Upcoming deadlines to comply with the 2012 Managing Government Records Directive and growing eDiscovery demands, along with the accelerated pace of new technology adoption are changing the records management landscape and bringing together records managers, legal and IT in a transition towards a broader Information Governance (IG) strategy that integrates records management and eDiscovery processes.
In Deloitte's annual survey of the state of e-discovery in government, only 38% of respondents believed that, if challenged by a court or opposing counsel, their agencies could demonstrate that their electronically stored information (ESI) is accurate, accessible, complete, and trustworthy. So, eDiscovery requires solid IG, including the ability to efficiently and cost-effectively find responsive information (including documents, email and social media), apply retention rules and legal holds, and integrate with litigation support tools. In the face of opposing counsel eDiscovery requests, most legal offices lack the ability to effectively search for responsive documents and email on an enterprise basis.
These evolving needs demand an IG framework that goes beyond traditional records management, to include eDiscovery, privacy, FOIA, and information security, particularly as agencies move email and information to cloud environments, such as Office 365 and Google Apps, in response to OMB’s Cloud First mandate.
eDiscovery requests include ESI, which includes both record and non-record material. As agencies define their records system requirements, they must consider the capture, storage, retention and search of non-record information that have traditionally been excluded from records repositories. Records retention policies must be revisited to include retention periods for non-record, discoverable information, simplified email retention schedules, and social media.
A major challenge facing agencies is how to implement agency-wide electronic recordkeeping and eDiscovery within current environments in which electronic records, including email, social media and office documents, reside in many disconnected and incompatible systems. Agencies must evaluate whether a centralized enterprise records repository is feasible and desirable, or whether the agency’s information governance and retention policies must be applied in a consistent manner across multiple repositories. Another priority is to enable efficient eDiscovery of record and non-record material stored in these information silos.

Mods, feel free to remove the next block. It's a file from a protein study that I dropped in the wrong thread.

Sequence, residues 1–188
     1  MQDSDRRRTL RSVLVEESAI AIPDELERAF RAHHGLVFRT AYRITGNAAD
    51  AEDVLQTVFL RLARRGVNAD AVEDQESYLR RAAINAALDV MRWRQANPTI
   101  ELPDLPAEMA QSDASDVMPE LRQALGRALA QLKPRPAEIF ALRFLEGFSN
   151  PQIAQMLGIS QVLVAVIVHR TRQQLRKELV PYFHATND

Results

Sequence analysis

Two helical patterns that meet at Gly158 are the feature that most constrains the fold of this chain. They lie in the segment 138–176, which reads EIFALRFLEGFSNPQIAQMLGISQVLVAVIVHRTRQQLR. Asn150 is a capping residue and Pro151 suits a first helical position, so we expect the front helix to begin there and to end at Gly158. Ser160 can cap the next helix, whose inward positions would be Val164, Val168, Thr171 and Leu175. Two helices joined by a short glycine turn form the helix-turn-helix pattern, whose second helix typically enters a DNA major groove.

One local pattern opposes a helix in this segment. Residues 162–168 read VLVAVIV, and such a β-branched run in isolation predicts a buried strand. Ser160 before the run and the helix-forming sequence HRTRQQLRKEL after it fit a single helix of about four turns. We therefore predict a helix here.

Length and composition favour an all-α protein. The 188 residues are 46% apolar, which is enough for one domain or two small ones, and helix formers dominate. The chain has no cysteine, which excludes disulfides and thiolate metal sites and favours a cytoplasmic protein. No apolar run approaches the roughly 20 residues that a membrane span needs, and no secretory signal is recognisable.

Current practices, which involve searching each of these disparate systems individually, have proven to be time and labor consuming, and often result in lost cases due to the inability to produce responsive records. A key requirement for eDiscovery is the ability to search and find responsive email across the enterprise without having to look in individual Outlook inboxes. This challenge is pressuring agencies to move to centralized, searchable email record archives including cloud-based email infrastructures.
As agencies prepare to address the information lifecycle of hundreds of millions of records, they must evaluate technologies that automate records processes, particularly the capture, organization and categorization of records.
Email is a major factor for agencies in the event of litigation, FOIA requests and investigations . The sheer volume of agency email demands a solution that removes user involvement and automates the capture and retention of email. NARA’s Guidance on a New Approach to Managing Email Records, recommends a role-based approach dubbed Capstone, which allows agencies to designate certain email accounts as permanent records by job position or role, while all other email accounts are designated as temporary for a set time.
Agencies should consider Capstone as well as other approaches such as auto-categorization to help capture, categorize and deduplicate email.
Records and legal leaders must work hand-in-hand to design and develop IG solutions that address overlapping records management and eDiscovery needs. Best practices include:
Define and gain consensus on the agency’s requirements for records management, eDiscovery and litigation support.
Identify gaps between the requirements and agency’s current technology, and determine whether gaps can be addressed by adapting current systems or new technology acquisition.
Evaluate proven technology to provide efficiencies including auto-categorization, enterprise search and digitization.
Analyze viable alternatives and make recommendations on the best solution to meet the agency’s needs.
Finally, records managers and legal offices must continuously respond to the accelerated pace of new technology, including collaboration, mobile devices, social media and cloud-based solutions that challenge traditional records management policies and processes. For example, courts have recently ruled that ESI stored on mobile devices is subject to Litigation Holds. Records may be created in the cloud, approved on a mobile device, revised in a SharePoint site and shared on a social media site. The IG approach must focus on the capture, retention and security requirements for the various states of these records throughout their information lifecycle -- from cradle to grave.
Marty Heinrich is the Director of Information and Records Management at Array Information Technologies.
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